Force Majeure to the rescue

Notwithstanding the gloomy circumstances, many real estate and loan agreements permit for relief in the event that contractual obligations cannot be met due to unforeseen circumstances beyond the control of the parties to a contract. This is known as the force majeure clause. A force majeure clause cannot be implied into a contract. A contract would typically describe what circumstances amount to an event of force majeure. Depending on the individual terms of contract, the threat of coronavirus COVID-19 would most likely qualify as an event of force majeure.

The consequences of occurrence of a force majeure event also depend on the terms of each agreement. In some cases, the party who is unable to perform his/her contractual obligations is allowed an extension of the period prescribed for performing the obligation. This could mean extending the completion period for construction and real estate transactions or extending the period for loan repayment so that payment becomes due at a later date. Rent due could also be agreed to be paid at a later date. In essence, this option delays the triggering of an event of default to allow parties to remedy any defaults or mitigate anticipated defaults until an agreed future date. If the force majeure event persists at the end of the extension period, an event of default could be triggered allowing the aggrieved party to pursue remedial action against the party in breach.

There is also an option to suspend the performance of the contract until a future date. In this case, the parties may agree to retain status quo as at the date the force majeure provisions are invoked until such time that they will be able to resume performance of their obligations. In essence, the parties in this case delay the termination of the agreement on grounds of frustration until a future date when it is clear that performance of the contract will not be possible.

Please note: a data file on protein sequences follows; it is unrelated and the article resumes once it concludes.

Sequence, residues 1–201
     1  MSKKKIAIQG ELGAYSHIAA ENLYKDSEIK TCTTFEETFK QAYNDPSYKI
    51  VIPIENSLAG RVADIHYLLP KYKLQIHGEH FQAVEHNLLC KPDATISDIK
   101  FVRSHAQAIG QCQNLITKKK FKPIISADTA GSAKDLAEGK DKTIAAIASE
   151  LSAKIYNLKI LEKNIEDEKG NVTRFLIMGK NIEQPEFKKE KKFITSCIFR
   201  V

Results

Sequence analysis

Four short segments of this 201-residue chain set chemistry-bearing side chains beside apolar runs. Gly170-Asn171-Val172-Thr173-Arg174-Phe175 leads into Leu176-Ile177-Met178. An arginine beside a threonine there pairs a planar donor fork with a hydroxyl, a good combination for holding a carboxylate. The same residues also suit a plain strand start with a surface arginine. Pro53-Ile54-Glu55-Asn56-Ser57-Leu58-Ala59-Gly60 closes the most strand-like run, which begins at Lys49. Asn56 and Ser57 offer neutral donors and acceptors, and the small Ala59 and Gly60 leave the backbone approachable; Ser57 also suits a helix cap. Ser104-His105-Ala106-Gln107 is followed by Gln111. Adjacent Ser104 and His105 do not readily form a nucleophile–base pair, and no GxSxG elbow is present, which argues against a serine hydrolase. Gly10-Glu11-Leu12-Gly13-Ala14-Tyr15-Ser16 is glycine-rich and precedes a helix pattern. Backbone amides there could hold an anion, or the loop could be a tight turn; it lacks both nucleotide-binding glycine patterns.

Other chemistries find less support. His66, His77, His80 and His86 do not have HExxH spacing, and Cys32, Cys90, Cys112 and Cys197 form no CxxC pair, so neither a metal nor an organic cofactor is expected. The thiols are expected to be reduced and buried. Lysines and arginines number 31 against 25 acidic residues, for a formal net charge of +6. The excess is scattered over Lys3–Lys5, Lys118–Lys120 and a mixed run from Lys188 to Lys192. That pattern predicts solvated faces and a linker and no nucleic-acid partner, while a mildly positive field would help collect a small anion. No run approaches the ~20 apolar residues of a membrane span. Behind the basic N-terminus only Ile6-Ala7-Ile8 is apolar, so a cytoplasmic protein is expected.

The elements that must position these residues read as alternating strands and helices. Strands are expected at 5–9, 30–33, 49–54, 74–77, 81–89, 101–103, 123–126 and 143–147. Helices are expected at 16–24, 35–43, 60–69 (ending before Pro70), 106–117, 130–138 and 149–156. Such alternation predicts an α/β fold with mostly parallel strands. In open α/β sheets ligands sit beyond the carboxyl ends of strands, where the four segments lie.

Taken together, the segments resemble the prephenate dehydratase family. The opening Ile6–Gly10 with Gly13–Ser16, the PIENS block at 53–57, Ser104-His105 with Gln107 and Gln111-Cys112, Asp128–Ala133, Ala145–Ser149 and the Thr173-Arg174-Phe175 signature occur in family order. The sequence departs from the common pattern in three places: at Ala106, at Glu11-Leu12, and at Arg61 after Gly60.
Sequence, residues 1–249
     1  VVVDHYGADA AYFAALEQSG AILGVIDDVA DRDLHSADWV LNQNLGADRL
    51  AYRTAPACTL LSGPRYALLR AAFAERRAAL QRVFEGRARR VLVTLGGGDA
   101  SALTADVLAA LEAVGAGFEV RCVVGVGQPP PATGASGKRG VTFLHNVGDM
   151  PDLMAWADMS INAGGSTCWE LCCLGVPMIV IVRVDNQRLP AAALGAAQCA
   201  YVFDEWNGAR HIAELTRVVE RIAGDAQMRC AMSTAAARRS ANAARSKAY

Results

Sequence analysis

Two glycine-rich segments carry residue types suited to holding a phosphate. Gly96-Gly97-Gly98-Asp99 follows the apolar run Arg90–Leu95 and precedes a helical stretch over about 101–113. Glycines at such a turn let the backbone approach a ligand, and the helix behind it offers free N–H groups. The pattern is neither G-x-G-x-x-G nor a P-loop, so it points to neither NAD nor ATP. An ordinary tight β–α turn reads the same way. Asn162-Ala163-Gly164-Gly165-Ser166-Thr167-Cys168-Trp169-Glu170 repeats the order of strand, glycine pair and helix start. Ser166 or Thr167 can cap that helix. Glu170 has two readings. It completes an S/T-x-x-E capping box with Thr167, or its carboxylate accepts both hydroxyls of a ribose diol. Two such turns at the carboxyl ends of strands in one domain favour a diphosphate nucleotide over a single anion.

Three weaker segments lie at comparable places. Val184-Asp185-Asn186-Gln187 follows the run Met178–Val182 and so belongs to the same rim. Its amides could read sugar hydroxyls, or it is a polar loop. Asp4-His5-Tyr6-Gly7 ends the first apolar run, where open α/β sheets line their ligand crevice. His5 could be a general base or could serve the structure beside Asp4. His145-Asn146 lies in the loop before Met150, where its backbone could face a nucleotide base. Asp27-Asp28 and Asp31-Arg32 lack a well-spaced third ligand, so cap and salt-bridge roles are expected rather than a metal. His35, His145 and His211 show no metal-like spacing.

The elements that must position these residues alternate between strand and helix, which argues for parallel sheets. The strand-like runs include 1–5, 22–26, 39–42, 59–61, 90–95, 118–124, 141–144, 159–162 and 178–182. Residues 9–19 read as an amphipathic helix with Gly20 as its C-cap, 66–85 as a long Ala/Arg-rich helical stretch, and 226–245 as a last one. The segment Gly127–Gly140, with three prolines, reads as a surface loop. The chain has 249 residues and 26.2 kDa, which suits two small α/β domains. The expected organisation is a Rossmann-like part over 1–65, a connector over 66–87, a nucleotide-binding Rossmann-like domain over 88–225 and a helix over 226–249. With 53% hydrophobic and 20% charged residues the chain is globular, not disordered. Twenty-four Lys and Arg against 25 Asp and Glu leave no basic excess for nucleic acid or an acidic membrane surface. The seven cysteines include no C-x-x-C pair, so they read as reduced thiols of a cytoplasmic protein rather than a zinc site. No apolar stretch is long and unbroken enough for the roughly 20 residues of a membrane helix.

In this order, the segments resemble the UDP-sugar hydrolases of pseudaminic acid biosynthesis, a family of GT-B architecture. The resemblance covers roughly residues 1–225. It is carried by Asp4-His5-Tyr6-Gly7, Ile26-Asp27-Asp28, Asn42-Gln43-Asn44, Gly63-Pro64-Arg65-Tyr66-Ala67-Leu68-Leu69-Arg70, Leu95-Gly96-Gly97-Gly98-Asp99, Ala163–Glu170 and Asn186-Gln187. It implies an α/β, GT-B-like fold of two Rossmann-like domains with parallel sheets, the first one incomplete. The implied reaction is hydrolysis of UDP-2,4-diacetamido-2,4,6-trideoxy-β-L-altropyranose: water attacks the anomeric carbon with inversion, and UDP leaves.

An agreement could also be terminated on grounds of frustration if unforeseen circumstances make performance radically different from what the parties had committed to. The legal threshold here is quite high and the mere fact of a contract becoming more difficult or expensive to perform does not in itself give rise to valid grounds for termination on grounds of frustration. Where a contract is frustrated, the parties are typically discharged from the contract in part or in whole. The burden of the loss suffered by reason of frustration will be shared according to the parties’ agreement. Typically, the parties will need to take steps to place each other in the same position as would have been had the contract not been entered into in the first place. For example, in a property sale transaction, a purchaser would be reimbursed their purchase price in exchange for giving up all claims against the property. The parties can also agree on how to share the losses without invoking any penalties against any party for breach of contract.

However, where the parties have made significant investments pursuant to a contract or the parties have significant future obligations to fulfil particularly in executory contracts, termination could culminate in greater losses to the parties making the option to opt out of a frustrated contract commercially unviable. Loans and real estate contracts usually permit the parties to renegotiate the terms of the contract where changes in circumstances arise. This is typically the preferred way to mitigate losses arising from significant changes in circumstances. It is therefore anticipated that lenders, borrowers, developers and contractors will take advantage of these provisions and pursue debt restructures and variations to real estate agreements.

It is too early to comment on the long term effects of coronavirus COVID-19 but we are certainly compelled to evaluate the likely impact on real estate, property and financial contracts.

This article was written by Loice Erambo, a Senior Associate in the Real Estate and Finance Practice Group.